LONDON, April 15 (Reuters Point Carbon) - Barclays plc (BARC.L) broke internal rules by transferring advisory staff with confidential information to its acquisitions team to help buy a Swedish carbon credit firm, a lawyer for a former client said on Monday.
London-based trading house CF Partners is suing the bank for 82 million euros ($107 million), saying Barclays advised it on a potential bid for Stockholm-based Tricorona in 2008 then used the information to buy the carbon firm itself two years later.
A Barclays spokeswoman called the case “entirely without merit”, adding the bank will be “contesting it vigorously”.
CF Partners alleges Barclays breached client confidentiality agreements.
“Barclays crossed over five employees from the public side to the private side (of the bank) so that they would be allowed to be part of the deal team, because of the information they received from my clients,” said CF Partners’ lawyer Tim Lord in a pre-trial court hearing in London on Monday.
Lord said internal Barclays memos would be used as evidence in the case. He also read out excerpts from recorded calls between Barclays and Tricorona employees and internal phone conversations between Barclays employees, which will also be used in the 8-week trial due to start on May 13.
“We know more about (Tricorona‘s) portfolio than anyone else ... Let’s try to close something with (them) ... The opportunity is there right now,” Lord said, reading a transcript of a call between two Barclays staff.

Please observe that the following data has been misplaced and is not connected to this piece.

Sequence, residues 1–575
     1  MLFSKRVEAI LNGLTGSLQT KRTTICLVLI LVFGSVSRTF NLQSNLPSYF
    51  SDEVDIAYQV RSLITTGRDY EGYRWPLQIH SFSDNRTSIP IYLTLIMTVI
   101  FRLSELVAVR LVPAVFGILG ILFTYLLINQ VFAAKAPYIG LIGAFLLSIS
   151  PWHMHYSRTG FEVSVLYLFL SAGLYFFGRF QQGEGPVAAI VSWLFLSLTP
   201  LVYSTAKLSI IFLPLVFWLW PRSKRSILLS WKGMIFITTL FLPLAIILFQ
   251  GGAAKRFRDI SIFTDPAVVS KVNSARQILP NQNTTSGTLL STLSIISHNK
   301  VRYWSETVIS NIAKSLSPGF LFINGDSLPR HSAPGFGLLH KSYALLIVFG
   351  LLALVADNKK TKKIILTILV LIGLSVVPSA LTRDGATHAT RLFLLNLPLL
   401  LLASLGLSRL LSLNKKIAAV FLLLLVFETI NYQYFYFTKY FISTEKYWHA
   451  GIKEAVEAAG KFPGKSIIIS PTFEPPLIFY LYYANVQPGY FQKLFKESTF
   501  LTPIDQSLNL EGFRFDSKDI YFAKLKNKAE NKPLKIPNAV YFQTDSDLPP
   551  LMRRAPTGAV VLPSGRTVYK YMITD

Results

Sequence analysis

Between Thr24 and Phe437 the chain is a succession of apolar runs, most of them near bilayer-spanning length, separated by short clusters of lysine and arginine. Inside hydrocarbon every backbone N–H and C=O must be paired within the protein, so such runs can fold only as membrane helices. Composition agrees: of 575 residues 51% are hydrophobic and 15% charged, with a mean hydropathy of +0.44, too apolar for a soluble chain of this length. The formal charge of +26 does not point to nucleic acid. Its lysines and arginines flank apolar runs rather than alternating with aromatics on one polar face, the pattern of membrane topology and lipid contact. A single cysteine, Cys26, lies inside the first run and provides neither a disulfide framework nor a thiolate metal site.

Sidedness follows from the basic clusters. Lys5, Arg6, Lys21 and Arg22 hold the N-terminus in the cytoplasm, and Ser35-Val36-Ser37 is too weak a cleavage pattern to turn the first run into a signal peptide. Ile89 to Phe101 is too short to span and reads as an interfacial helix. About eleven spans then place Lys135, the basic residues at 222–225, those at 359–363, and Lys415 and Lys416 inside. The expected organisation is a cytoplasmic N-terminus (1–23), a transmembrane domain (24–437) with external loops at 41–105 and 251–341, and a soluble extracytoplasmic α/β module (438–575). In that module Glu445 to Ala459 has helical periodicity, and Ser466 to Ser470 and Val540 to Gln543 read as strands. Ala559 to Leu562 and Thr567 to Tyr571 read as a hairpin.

“This case that has evolved ... is a fantasy dreamt up by CF Partners,” said Ewan McQuater, a lawyer representing Barclays in the case. “There is no clear evidence that (Barclays employees) ... misused confidential information.”
Barclays bought Tricorona for $159 million in 2010 and sold it back to the company’s management for an undisclosed sum in May 2012.
According to court documents, CF Partners said it identified Tricorona as a takeover prospect and in mid-2008 approached Barclays for debt financing and help with a possible deal.
The documents said Barclays signed a confidentiality agreement and provided advisory services to CF Partners that would have netted the bank around 15 million pounds in fees.
“Barclays never had an advisory relationship with CF Partners. Being a leader in emissions trading, Barclays already had a relationship with Tricorona before it had any involvement with CF Partners,” the Barclays spokeswoman said.
CF Partners declined to comment on Monday’s court proceedings.
Reporting by Michael Szabo; Editing by Ruth Pitchford